These trends are unmistakable and more importantly, unassailable by the Iran lobby, which for the most part has stayed silent on these domestic protests; choosing only to blame the economic conditions on the U.S. not fully complying with the terms of the nuclear deal.
Apparently Parsi and his friends think we should empty out Ft. Knox on behalf of the mullahs.
What is apparent though is that the accusations being flung by the Iran lobby at Bolton’s nomination miss an inescapable truth which is Bolton is not setting the stage for war when Tehran has already been at war with the West ever since it supplied explosives to kill Marines in Beirut or U.S. troops in Iraq.
Ivan Sascha Sheehan, incoming executive director of the School of Public and International Affairs at the University of Baltimore, makes that point in a strongly worded editorial in The Hill.
“Those who are concerned about the potential for war with Iran should embrace Bolton’s appointment and support the administration’s efforts to confront Tehran’s destabilizing regional influence by taking its theocratic regime to task. The regime’s misbehavior only worsened in the run-up to Trump’s ascension to the Oval Office, and particularly under the prior administration’s cooperative policies that engendered an even greater sense of impunity than the Islamic Republic was used to,” Sheehan writes.
“Trump’s assertiveness during his first year in office is paying small dividends. U.S. Navy officials recently reported that close encounters between their vessels and those of the Iranian Revolutionary Guard Corps (IRGC), which were commonplace over the previous two years, halted abruptly in August,” he added.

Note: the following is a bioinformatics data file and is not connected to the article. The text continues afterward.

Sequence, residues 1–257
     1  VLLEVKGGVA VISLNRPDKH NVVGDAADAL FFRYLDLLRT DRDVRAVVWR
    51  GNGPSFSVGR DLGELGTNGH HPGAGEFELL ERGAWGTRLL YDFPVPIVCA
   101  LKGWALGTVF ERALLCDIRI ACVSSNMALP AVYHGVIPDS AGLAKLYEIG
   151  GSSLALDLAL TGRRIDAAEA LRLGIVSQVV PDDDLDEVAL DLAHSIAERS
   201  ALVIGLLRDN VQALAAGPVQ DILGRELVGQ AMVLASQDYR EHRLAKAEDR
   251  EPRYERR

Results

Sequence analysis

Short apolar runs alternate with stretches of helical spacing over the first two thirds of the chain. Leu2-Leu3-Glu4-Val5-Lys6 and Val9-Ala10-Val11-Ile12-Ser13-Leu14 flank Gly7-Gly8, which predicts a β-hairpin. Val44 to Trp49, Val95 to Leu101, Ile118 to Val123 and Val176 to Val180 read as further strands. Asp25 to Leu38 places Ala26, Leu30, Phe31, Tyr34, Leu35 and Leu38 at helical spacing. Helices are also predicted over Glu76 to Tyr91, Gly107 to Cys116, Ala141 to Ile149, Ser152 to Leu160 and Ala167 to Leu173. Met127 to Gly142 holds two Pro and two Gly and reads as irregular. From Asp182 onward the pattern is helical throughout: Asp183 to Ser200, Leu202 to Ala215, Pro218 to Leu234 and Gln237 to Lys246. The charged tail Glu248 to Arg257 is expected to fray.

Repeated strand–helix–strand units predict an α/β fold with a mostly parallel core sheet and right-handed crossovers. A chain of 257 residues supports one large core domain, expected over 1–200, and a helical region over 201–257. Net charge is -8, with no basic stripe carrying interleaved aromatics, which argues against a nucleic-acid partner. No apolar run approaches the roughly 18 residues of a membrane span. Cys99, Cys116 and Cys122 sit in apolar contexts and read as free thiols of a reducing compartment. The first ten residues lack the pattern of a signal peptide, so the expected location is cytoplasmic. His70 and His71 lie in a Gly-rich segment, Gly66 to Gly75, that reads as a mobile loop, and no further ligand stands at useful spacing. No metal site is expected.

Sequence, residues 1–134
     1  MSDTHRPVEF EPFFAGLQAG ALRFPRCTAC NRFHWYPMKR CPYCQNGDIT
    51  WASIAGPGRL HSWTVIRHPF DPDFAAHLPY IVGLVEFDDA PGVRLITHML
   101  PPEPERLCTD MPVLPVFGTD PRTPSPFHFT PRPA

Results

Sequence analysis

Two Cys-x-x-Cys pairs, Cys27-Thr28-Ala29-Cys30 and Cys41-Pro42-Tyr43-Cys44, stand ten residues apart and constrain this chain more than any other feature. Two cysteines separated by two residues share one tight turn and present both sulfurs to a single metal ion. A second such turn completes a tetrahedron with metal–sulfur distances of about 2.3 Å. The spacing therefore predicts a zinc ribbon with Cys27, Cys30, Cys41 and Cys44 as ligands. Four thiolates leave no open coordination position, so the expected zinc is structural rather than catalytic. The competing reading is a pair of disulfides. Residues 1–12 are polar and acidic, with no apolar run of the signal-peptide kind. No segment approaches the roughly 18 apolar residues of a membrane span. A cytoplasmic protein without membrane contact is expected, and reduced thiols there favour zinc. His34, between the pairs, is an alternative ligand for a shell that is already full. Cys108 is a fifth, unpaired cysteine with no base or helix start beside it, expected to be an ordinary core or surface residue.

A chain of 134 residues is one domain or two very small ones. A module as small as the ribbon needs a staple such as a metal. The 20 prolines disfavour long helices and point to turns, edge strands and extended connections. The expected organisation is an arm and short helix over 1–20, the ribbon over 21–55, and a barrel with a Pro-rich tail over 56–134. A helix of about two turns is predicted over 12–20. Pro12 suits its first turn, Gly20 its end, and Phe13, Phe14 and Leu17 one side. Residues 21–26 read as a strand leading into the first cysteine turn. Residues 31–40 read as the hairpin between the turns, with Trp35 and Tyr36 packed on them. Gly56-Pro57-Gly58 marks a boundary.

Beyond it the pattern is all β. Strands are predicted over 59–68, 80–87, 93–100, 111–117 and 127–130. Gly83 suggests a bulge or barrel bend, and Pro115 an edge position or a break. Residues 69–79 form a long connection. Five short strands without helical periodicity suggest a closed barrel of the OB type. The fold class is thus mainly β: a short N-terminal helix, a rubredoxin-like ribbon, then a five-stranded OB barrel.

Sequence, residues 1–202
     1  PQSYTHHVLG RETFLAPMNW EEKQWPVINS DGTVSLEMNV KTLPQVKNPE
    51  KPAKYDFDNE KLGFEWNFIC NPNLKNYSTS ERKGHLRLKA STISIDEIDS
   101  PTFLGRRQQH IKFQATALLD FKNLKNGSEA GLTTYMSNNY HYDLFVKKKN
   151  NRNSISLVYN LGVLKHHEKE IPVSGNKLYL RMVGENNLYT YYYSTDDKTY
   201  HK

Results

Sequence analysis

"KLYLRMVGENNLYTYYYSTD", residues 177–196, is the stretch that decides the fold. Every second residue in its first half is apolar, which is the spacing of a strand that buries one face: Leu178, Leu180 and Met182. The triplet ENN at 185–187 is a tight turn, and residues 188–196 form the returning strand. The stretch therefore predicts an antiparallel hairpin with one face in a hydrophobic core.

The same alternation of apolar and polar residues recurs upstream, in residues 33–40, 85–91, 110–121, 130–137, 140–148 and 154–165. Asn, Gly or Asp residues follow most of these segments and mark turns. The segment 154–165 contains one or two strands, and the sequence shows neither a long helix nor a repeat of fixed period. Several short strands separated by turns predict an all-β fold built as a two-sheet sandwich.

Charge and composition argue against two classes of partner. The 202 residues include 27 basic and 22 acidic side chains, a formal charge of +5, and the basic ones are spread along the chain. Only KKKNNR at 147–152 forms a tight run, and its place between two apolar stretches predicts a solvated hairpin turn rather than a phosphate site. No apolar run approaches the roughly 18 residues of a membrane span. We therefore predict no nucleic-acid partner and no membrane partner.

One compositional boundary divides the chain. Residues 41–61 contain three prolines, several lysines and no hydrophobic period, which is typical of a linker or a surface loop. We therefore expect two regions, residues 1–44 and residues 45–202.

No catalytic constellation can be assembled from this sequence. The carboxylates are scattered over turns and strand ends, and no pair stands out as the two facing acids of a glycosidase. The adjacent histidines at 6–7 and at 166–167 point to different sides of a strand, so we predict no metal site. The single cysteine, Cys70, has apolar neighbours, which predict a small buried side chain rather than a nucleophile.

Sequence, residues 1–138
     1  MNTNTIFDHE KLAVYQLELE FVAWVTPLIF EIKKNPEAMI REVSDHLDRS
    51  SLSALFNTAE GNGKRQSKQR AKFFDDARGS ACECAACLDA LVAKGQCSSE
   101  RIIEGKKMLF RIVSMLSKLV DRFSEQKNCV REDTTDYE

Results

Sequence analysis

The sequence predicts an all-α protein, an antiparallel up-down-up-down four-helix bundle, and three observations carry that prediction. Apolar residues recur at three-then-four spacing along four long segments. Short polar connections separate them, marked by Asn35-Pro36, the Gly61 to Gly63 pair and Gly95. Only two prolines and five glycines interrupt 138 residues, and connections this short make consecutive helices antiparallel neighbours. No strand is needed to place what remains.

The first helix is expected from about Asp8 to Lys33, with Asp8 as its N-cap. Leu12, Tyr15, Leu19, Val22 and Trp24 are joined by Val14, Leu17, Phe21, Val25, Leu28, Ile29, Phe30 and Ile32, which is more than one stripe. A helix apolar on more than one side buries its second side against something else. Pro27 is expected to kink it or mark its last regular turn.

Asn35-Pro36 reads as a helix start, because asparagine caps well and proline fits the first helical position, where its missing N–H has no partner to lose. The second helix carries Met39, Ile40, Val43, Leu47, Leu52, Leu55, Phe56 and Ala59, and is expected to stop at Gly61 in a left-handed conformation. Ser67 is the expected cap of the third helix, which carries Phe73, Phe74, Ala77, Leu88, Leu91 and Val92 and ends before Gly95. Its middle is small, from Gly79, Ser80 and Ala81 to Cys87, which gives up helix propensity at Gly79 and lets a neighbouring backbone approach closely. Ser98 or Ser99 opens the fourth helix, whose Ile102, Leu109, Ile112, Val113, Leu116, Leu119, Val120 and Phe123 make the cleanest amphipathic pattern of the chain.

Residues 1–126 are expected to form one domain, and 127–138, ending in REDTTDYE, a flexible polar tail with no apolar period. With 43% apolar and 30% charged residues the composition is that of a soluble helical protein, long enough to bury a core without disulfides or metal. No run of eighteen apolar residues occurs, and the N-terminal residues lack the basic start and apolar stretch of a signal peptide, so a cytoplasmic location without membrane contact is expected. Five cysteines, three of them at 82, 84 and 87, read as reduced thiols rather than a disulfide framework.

But what the Iran lobby is most fearful of is not a simple knee-jerk tearing up of the nuclear deal by President Trump, but rather a consensus among U.S. allies to rework the deal, toughening provisions on terror support, ballistic missile development and human rights improvement, in an effort to save it.
Using the deal as a leverage against the Iranian regime is fair turnabout since the regime and Iran lobby have used its continued existence as a blunt instrument against any calls to rein in the regime’s excesses.
The Economist outlined some of the intense deal-making going on now from Great Britain, France and Germany to compel the Iranians to accept new restrictions; restrictions that should have been included in the original deal in the first place.
“Sir Simon Gass, a former British ambassador to Tehran who led the British team negotiating the deal, says that it might be possible to get an agreement from Iran not to develop an intercontinental-range ballistic missile (ICBM) capable of hitting America. An ICBM, he points out, only makes sense if it carries a nuclear warhead, so testing one should prompt broad economic sanctions. Patricia Lewis of Chatham House, another London think-tank, believes that the Europeans may already be talking to the Iranians about a future regional missile-deal that would ban long- and intermediate-range nuclear missiles,” the Economist editorial said.
Ultimately the real rub for Parsi and his fellow travelers is that new restrictions, coupled with worsening economic conditions will once again rollback Tehran back to 2009 when massive street protests nearly toppled the regime.
As the president’s new team take their place, it’s clear the era of appeasing the mullahs is dead.